It doesn’t work very well. Even to the extent that it does, it doesn’t extend the range of scales accurately predicted very far. The equations you’re solving aren’t even complete - single-stream approximation.

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**Why I’m working on it anyway: It doesn’t work very well?**

True of standard PT, especially at z~0 where the slope of the power spectrum on quasi-linear scales is greater (more influence of high-k, poorly represented power). Renormalization techniques (me, Crocce & Scoccimarro, etc.) can deal with this problem, making PT very accurate on quasi-linear scales.

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Even to the extent that it does work, it doesn’t extend the range of scales accurately predicted very far? Renormalization helps. The range of scales where PT helps becomes larger with more precise data, because effects can be important without being large. The BAO features that we’d like to use to probe dark energy fall directly in the range where PT is necessary and can be accurate. More generally, the criteria for PT to be applicable - that fluctuations aren’t highly non-linear - is roughly equivalent to the requirement for measured clustering to be useful for precision cosmology at all!

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**The equations you’re solving aren’t even complete - single stream approximation?**

It isn’t clear that this is significant on relevant scales, but to the extent that it is I can fix it using a renormalization group method!

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**Why not just use simulations?**

Slow and painful, to the point where no one has pushed through a complete, accurate (well-tested) mass power spectrum result, even though everyone knows it is just a matter of effort to do it. More importantly, galaxies, and other observable tracers of mass, can’t be simulated from first principles, so it is useful to use a variety of calculational methods to get an indication of the robustness of results (plus, again, speed).

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**Bottom-line short-term practical goal of galaxy bias work:**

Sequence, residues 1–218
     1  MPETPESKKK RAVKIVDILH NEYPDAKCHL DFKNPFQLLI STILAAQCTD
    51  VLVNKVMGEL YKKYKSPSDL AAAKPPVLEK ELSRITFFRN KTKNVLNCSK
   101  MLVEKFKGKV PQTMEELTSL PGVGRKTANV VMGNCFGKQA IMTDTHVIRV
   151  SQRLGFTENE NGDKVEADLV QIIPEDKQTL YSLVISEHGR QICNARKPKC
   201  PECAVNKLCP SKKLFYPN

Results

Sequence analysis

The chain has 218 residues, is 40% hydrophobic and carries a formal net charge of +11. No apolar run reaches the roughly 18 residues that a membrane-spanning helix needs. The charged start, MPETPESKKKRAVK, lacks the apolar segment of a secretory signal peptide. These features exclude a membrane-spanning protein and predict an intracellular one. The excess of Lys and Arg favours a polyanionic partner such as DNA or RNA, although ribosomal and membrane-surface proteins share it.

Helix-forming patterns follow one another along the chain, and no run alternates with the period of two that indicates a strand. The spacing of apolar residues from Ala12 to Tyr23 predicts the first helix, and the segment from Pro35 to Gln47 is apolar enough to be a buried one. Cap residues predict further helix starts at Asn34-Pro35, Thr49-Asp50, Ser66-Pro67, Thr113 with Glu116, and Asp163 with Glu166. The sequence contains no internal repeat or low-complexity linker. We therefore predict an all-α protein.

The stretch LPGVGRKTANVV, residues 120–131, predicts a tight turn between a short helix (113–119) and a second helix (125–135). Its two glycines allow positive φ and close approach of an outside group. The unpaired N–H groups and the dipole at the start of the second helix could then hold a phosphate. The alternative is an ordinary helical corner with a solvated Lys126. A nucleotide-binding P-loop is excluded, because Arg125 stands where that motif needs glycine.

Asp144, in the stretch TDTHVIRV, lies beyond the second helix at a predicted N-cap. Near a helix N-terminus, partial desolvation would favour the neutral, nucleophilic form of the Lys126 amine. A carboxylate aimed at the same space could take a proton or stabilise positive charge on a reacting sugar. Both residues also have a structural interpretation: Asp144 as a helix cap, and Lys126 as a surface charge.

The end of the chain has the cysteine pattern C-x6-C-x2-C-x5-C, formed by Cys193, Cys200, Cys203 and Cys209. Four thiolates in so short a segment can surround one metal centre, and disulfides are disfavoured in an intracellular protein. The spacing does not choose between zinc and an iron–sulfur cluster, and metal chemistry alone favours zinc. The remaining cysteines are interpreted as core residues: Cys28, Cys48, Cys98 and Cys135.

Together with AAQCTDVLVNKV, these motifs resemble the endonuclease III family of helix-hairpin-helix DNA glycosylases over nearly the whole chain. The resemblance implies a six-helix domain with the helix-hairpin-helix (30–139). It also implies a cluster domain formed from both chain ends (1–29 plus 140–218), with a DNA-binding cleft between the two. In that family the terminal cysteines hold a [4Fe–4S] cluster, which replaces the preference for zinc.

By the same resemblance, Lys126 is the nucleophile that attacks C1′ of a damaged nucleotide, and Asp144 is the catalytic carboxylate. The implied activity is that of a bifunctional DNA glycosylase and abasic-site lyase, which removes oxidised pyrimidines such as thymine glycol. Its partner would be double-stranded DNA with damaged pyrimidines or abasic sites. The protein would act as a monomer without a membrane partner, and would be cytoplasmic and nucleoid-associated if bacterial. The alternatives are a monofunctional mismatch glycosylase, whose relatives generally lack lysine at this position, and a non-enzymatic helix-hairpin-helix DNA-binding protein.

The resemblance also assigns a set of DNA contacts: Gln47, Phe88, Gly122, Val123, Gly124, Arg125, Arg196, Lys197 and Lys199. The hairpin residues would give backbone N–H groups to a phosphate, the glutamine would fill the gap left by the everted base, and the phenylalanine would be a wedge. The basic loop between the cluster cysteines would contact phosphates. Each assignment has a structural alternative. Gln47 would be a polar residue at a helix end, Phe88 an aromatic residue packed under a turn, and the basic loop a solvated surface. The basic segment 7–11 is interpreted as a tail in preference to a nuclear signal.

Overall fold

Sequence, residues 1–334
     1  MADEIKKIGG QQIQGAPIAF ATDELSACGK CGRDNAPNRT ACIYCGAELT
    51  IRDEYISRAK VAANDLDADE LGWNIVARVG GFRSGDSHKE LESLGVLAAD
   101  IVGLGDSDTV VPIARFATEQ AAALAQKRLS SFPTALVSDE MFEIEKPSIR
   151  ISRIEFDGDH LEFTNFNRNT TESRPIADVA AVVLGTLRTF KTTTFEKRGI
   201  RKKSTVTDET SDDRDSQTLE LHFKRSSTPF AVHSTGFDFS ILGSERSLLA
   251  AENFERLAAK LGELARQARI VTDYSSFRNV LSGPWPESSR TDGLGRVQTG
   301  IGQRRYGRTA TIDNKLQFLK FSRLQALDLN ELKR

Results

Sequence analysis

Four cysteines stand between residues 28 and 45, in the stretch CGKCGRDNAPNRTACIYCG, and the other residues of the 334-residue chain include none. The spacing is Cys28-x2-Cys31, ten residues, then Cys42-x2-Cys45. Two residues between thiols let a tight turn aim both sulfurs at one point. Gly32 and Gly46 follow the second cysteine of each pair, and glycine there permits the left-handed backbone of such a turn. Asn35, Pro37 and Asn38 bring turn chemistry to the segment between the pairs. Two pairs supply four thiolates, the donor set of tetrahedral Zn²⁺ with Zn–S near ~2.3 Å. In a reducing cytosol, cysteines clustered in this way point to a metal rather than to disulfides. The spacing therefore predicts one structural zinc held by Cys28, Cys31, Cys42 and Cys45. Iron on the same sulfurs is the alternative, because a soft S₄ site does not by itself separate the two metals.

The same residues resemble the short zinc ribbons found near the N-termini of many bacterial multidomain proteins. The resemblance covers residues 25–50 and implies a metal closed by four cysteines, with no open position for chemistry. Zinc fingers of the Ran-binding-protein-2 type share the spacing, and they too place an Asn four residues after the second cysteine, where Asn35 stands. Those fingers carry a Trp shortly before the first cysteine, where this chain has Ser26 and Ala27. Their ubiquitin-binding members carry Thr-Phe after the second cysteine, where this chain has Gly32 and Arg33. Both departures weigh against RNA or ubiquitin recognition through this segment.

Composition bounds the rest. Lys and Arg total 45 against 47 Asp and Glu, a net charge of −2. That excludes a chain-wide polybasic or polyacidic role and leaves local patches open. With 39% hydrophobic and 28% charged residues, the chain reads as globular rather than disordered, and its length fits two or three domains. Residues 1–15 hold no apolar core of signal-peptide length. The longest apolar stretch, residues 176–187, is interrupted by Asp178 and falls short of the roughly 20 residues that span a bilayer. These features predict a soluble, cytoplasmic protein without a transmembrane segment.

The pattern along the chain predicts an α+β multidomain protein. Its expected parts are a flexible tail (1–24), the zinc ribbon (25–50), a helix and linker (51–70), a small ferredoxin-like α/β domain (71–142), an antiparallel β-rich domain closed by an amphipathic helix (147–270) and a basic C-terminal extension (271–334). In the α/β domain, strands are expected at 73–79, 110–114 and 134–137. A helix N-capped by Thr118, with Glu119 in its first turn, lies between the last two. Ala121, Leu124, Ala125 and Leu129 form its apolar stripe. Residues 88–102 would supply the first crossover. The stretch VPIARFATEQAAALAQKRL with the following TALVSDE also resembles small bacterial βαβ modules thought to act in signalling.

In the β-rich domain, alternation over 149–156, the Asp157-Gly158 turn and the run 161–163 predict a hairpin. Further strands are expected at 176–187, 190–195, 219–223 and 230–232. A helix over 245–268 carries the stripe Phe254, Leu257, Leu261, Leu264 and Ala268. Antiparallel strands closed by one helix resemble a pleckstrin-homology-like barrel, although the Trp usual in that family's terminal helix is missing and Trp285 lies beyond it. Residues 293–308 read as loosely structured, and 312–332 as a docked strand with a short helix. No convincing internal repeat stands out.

Do cosmological parameter estimation including the galaxy power spectrum using perturbation theory for the bias model. Choose the maximum k in the fits to make sure the results for the two highest orders you can calculate agree with each other. Be convinced that your results must be correct because the perturbation theory covers all possibilities in a well-controlled way.

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Bias of tracers (McDonald 2006) (base calculations in Heavens, Matarrese, & Verde, 1998, without the renormalization interpretation) Naïve perturbation theory: tracer density is a Taylor series in mass density perturbation: To make sense, higher order terms should decrease in size. Warm-up: compute the mean density of galaxies: 2nd term is ~divergent for linear mass power, and any renormalization of power (non-linearity) will make it infinite. Not a problem. Eliminate the “bare” Taylor series parameter in favor of a parameter for the observed mean density of galaxies.

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**The mean density is a trivial example, leads to nothing new.**

Now move to fluctuations: Correlation function: (assuming 4th order terms Gaussian): Going to absorb divergent part into observable linear bias, but not yet because another piece comes from the cubic term.

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**Standard perturbation theory for gravitational collapse:**

Evolution equations: Continuity Euler Poisson Write density (and velocity) as a series of (ideally) increasingly small terms, Solve evolution equations iteratively

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Density in standard PT Now have non-linear density field in terms of the original Gaussian fluctuations, so it is easy to evaluate statistics.

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**Moving to the galaxy power spectrum, and using 2nd order perturbation theory for the cubic term:**

The red integral has a badly behaved part. Constant as k->0 so it looks like shot-noise. Absorb the constant part into a free-parameter for the observable shot-noise power (preserve linear bias+shot noise model on large scales):

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**Final result: Started with 4-5+ parameters:**